# Trig question

1. Apr 8, 2007

### 21385

How can you solve for X, an angle, if you get an equation like this?

5=2sinX + cosX

I couldn't think of any trig identities that can solve this, even though this may be extremely easy.

Can someone show me? Thanks

2. Apr 8, 2007

### Data

Well, what you cay say immediately is that the solution is going to be complex. What are the maximum values of sin and cos on the reals?

3. Apr 9, 2007

### 21385

srry about that...i just randomly put a few numbers down...

If the equation is like:: 2=3sinX+cosX

How would you solve that?

4. Apr 9, 2007

### Eighty

5. Apr 10, 2007

### HallsofIvy

Staff Emeritus
That's a bit complicated but you could do this: Let y= cos(X). Since $sin(x)= \sqrt{1- cos^2(x)}$ we have $2= 3\sqrt{1- y^2}+ y$. Rewrite that as $3\sqrt{1- y^2}= 2- y$ and square both sides: $9(1- y^2)= 4- 4y+ y^2$ or $9- 9y^2= 4- 4y+ y^2$ so $10y^2- 4y- 5= 0$. Solve that using the quadratic formula to find y= cos(X) and take the arcsine to find X.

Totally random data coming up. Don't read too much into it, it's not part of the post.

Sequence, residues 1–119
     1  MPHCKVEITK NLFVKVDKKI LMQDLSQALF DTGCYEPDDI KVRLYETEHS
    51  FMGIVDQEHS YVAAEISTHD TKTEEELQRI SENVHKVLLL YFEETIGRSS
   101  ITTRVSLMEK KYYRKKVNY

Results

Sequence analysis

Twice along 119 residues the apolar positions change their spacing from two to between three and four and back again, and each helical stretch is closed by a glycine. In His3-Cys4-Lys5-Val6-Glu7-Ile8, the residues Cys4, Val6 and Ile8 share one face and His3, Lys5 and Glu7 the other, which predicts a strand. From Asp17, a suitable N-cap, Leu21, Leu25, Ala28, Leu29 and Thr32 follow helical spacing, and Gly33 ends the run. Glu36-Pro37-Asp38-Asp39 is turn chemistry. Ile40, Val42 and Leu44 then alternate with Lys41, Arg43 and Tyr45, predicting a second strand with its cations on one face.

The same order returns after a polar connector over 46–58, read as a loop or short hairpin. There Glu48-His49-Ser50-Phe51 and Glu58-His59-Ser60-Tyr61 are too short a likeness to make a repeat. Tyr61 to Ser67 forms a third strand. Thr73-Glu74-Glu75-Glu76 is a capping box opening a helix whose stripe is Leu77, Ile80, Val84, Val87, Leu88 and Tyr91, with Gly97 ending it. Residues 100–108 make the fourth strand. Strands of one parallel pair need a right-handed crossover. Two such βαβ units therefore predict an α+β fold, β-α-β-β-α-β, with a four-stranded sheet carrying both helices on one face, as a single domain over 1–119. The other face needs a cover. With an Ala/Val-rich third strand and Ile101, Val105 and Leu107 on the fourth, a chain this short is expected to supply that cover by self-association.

6. Apr 10, 2007

### dimensionless

Substitute $$sin(x)= \sqrt{1- cos^2(x)}$$ and solve the quadratic for $$cos(x)$$. Then take the arcsine of you two solutions. Basically what HallsofIvy said.

7. Apr 10, 2007

or try to substitute :

sin(x) = 2tan(x/2)/1+tan^2(x/2)
and
cos(x)= (1-tan^2(x/2))/1+tan^2(x/2)

it might solve the problem !

8. Apr 10, 2007

### drpizza

Why not get sin on one side and cos on the other side. Square both sides (possibly introducing extraneous roots) and substituting for either sin^2 or cos^2 (using sin^2+cos^2=1). This would result in a quadratic equation. Check the solutions.

9. Apr 10, 2007

### danago

You could write it in the form of $$2=Acos(x-\theta)$$